Sequencing circumvented the need to generate pure cultures of microorganisms for many studies of microbial processes, but also revealed that most of the 'species' detected were unknown. This led to the concept of microbial life as Earth's 'dark matter', analogous to the unknown realms of the cosmos. In many ways, the challenges faced by astrophysicists and microbial ecologists are indeed similar, and both fields rely on large quantities of data and supercomputing facilities. But, in microbial ecology, a lack of resources with which to analyse these data has led to a bottleneck in scientific discovery. So, should major investments be made in big-data infrastructure to support the analysis of Earth's microbial communities, similar to those afforded to astrophysics?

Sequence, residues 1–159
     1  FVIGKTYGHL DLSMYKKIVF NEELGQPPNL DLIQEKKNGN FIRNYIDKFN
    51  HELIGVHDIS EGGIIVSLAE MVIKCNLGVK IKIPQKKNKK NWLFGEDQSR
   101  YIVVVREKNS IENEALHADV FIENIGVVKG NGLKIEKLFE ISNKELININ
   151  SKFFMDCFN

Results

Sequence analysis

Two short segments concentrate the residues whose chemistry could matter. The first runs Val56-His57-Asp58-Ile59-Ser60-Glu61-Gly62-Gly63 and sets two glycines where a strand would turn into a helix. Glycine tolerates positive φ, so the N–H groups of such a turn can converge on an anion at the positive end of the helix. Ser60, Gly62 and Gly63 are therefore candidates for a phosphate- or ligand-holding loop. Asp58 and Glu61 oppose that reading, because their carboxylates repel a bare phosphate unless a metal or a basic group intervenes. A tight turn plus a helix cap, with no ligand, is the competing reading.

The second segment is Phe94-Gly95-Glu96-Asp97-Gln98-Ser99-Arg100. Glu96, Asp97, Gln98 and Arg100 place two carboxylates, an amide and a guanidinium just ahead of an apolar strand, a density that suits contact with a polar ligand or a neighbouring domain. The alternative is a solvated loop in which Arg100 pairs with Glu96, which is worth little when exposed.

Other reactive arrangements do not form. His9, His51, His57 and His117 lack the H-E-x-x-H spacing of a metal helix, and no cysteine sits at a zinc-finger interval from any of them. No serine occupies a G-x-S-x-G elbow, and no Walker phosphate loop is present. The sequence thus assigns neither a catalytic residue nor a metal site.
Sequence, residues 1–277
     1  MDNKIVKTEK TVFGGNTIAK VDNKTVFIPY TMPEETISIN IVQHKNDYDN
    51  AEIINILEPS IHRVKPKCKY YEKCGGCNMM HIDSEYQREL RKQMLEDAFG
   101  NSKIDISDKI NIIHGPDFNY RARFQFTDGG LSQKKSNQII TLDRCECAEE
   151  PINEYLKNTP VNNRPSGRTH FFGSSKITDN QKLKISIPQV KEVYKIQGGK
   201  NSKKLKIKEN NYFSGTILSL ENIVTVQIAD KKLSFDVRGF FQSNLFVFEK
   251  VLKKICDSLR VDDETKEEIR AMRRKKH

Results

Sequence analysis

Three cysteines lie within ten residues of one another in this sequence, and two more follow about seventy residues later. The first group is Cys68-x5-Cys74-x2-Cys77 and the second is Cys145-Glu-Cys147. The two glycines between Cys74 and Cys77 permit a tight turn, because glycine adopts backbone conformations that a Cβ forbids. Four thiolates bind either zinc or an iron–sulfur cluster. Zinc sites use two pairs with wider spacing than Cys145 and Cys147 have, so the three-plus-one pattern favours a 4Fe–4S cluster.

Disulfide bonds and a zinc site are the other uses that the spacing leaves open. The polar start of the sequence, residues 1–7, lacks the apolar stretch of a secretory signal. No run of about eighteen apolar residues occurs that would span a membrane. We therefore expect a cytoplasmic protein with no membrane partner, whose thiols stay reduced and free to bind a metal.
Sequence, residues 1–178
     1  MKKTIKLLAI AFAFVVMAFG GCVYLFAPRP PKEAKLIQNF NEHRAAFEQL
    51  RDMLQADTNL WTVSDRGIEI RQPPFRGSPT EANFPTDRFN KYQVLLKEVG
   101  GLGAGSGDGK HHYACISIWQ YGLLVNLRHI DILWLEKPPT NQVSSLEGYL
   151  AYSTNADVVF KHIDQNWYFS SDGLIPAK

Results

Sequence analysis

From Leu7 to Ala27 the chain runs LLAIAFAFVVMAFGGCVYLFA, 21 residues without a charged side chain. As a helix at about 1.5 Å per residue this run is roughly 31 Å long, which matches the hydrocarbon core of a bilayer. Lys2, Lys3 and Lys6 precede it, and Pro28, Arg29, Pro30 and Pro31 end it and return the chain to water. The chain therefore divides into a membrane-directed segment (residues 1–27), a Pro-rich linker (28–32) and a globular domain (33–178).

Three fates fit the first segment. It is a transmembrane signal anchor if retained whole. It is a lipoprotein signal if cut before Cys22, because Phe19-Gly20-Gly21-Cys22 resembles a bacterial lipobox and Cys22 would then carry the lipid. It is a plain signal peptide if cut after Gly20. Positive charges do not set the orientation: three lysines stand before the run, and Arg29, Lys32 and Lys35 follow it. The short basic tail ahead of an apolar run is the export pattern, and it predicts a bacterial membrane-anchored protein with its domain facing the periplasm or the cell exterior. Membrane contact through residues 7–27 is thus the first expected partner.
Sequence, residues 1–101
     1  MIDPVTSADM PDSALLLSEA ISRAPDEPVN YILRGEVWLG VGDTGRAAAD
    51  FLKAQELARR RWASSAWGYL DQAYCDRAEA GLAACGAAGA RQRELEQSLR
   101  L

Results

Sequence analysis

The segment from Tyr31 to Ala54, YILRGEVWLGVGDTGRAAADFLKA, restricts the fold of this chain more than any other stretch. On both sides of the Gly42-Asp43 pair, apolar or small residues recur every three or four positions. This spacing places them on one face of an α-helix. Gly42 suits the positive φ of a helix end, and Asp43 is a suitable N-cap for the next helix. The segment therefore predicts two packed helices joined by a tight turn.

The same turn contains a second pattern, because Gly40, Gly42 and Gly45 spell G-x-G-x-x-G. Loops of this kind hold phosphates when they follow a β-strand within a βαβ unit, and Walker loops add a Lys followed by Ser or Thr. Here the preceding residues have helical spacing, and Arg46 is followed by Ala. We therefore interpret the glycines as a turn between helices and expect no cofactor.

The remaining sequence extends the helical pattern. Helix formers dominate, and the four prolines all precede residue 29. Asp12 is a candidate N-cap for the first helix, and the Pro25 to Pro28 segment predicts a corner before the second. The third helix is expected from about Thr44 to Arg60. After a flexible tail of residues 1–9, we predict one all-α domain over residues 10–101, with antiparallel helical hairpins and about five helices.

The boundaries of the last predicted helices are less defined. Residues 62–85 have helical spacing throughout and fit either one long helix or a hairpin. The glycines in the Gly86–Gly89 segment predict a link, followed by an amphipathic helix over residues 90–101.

The discovery of a microbial species with potentially novel functions would be just as interesting as the discovery of a star.

One critique against the use of omics in microbial ecology is that the resulting data are merely descriptive. The problem with this criticism is that we don't know what we don't know, similar to studies of the cosmos. There are an estimated 1024 stars in the Universe and 1030 bacteria on our planet, and I would argue that the discovery of a microbial species with potentially novel functions would be just as interesting as the discovery of a star. Until we dive in and use the best tools at our disposal to explore a given habitat, we often do not even know what questions to ask, or we may be asking the wrong questions.